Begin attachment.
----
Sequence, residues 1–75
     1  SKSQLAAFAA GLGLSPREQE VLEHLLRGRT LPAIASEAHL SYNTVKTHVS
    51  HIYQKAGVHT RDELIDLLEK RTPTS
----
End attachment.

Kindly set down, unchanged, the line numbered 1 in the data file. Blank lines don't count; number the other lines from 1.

Sequence, residues 1–75